When I teach youths Sunday lessons or children about family history and genealogy, I like to share a certain story from my ancestors.
My mom rolls her eyes and says, "Why do you insist on that one?"
I respond, "Because it puts a human face on genealogy and shares their struggles and challenges, too."
The story involves my great-great-grandmother Inger Marie Jensdatter and great-grandmother Karen Marie Elizabeth Jensen. They and Karen's two older sisters joined The Church of Jesus Christ of Latter-day Saints in Denmark in the 1870s. Their father didn't, and he was pretty adamant about them not going to church or having the missionaries over. One history even refers to his actions as abuse, but I wonder if that has been substantiated.
Inger eventually took her daughters and left in the middle of the night. One history says Karen remembers her father, Henrick Jensen, calling for them in the street while they hid. Inger married Jens Jensen, the missionary who baptized her, on a ship in the North Sea. After reaching Utah, the two older sisters married into polygamy in Heber City. One account says it wasn't by choice but an arrangement to help Jens settle a debt.
There are other stories. Some of my ancestors met John Taylor, eventually the third president of the LDS Church, at Ellis Island. Some of my ancestors had to deal with a captain who tried to burn his ship when he found out he had Mormons aboard. My mom has also told me about two cousins who died in World War II. One was shot down during a bombing mission over Italy. The other died in the Battle of the Bulge.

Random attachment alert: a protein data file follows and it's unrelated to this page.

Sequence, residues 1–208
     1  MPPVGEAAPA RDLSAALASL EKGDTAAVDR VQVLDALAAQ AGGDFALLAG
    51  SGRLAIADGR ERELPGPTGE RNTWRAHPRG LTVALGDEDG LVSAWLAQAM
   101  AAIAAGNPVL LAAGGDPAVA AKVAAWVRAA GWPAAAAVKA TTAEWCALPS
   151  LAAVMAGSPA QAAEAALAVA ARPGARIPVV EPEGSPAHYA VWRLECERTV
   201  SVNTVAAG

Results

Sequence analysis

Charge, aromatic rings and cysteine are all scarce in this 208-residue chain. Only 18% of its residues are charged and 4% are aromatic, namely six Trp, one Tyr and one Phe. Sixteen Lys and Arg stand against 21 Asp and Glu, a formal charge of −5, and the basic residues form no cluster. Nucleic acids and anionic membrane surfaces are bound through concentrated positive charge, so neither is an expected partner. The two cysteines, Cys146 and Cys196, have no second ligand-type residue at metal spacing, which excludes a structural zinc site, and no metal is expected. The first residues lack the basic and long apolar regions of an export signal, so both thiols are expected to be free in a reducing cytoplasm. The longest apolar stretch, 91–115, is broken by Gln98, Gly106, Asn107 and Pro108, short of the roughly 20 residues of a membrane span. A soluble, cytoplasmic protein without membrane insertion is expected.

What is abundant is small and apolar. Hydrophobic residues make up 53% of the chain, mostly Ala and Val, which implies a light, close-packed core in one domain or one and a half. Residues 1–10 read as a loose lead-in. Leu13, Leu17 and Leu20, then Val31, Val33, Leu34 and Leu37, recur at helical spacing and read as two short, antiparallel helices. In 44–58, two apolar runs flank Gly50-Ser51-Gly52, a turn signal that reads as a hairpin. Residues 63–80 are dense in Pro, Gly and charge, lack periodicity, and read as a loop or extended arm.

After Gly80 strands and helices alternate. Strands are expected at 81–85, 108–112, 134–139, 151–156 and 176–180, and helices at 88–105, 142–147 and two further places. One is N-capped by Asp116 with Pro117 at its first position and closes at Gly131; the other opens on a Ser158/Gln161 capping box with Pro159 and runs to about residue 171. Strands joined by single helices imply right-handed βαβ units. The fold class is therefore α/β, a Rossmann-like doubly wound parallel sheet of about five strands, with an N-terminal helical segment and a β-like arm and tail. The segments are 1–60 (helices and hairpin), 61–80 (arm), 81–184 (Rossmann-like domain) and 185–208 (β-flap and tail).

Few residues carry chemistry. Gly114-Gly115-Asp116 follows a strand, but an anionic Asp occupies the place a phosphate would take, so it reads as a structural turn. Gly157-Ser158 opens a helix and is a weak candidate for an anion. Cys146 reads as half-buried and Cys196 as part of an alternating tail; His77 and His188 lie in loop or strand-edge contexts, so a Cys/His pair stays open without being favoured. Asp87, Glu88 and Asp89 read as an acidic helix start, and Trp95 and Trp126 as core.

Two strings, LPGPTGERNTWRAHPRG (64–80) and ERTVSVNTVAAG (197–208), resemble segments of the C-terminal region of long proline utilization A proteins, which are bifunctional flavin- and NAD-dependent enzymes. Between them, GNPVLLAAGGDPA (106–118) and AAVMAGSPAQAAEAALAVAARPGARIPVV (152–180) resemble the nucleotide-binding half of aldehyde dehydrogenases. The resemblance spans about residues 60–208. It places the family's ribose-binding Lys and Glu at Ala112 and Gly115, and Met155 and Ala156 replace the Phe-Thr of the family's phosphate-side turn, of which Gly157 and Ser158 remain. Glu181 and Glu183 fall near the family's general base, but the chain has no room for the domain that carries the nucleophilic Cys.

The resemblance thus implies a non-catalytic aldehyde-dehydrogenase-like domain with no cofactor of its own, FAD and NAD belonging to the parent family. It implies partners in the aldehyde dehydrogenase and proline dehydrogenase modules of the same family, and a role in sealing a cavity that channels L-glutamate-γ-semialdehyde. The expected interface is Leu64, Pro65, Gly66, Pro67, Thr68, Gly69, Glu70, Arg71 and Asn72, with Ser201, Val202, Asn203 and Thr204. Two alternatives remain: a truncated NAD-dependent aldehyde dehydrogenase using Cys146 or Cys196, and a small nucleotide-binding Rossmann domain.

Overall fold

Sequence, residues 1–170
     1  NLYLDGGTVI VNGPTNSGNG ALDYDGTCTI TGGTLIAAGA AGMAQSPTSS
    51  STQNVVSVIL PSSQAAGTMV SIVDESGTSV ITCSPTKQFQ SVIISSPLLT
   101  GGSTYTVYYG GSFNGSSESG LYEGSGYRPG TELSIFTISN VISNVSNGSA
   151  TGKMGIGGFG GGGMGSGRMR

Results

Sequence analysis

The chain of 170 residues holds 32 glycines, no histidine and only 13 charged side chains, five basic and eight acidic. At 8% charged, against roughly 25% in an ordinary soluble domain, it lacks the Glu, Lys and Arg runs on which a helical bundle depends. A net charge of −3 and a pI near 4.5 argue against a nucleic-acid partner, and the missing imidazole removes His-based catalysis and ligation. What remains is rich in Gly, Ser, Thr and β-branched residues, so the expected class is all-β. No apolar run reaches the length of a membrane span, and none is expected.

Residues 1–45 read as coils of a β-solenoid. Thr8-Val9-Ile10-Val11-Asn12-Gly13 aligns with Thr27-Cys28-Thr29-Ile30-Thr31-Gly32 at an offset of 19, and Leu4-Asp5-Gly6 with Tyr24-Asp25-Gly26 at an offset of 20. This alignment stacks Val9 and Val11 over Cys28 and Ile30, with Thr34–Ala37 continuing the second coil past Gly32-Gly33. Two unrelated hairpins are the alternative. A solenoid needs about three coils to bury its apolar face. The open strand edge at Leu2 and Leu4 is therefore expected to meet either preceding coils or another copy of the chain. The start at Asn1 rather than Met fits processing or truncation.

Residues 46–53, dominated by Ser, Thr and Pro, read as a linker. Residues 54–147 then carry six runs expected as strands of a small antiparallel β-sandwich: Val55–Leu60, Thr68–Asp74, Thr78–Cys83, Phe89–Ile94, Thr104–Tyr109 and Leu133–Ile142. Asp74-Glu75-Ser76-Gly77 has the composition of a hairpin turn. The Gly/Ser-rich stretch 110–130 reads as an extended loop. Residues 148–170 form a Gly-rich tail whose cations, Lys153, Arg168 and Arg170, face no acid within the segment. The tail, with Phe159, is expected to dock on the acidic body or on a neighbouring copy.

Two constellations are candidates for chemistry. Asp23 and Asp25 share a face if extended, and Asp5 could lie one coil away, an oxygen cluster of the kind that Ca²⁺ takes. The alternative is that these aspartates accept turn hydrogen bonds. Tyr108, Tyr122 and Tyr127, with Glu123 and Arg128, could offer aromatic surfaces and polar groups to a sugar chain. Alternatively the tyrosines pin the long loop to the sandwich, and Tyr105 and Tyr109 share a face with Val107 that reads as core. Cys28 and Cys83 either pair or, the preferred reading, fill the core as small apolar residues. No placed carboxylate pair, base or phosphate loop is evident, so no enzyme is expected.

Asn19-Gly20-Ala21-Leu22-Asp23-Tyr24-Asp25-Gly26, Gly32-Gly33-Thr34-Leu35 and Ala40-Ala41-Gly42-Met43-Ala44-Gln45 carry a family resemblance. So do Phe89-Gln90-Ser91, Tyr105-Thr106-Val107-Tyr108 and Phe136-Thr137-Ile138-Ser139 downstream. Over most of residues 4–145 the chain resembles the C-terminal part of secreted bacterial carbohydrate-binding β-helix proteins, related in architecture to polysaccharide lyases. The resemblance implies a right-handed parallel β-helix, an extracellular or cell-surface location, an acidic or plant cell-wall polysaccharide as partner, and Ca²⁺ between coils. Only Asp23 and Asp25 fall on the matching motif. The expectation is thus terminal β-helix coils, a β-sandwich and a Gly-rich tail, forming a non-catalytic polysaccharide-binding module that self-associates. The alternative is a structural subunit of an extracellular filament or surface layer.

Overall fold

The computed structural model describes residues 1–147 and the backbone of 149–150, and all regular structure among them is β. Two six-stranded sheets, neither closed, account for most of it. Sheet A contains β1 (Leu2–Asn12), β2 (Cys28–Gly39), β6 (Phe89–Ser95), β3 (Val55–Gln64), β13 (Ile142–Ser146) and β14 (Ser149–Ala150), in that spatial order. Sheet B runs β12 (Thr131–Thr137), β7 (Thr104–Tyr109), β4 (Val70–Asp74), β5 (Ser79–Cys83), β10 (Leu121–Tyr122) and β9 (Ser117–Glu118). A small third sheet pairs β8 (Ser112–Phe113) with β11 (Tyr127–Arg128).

My wife also has an interesting heritage. Her great-great-great-grandfather Stephen Nixon, born on the island of Malta, was a bodyguard for Joseph Smith and later helped others get ready to head to Utah from Winter Quarters, Neb. That was after his wife, Harriet Rushton, 39, died when the family struggled to get across Iowa after leaving Nauvoo, Ill.
Familysearch.org, which is run by the LDS Church, familytree.com
and ancestry.com are popular among family history enthusiasts of all denominations. The LDS Church has presented Bill Clinton, George W. Bush and Barack Obama with family histories.
There are conferences. More libraries across the country are offering material. The Internet, especially, has brought the research home. When I went to the genealogy library in Salt Lake City as a kid, it was microfilms, big books and a lot of copies. The last time I went, everyone had a flash drive with them.
If you are interested in family history, there are plenty of resources to help you. I think you are in for a treat and a time of discovery. For example, my sister-in-law is related to Idaho criminal ne'er-do-wells from the 1800s. Stories she doesn't mind sharing.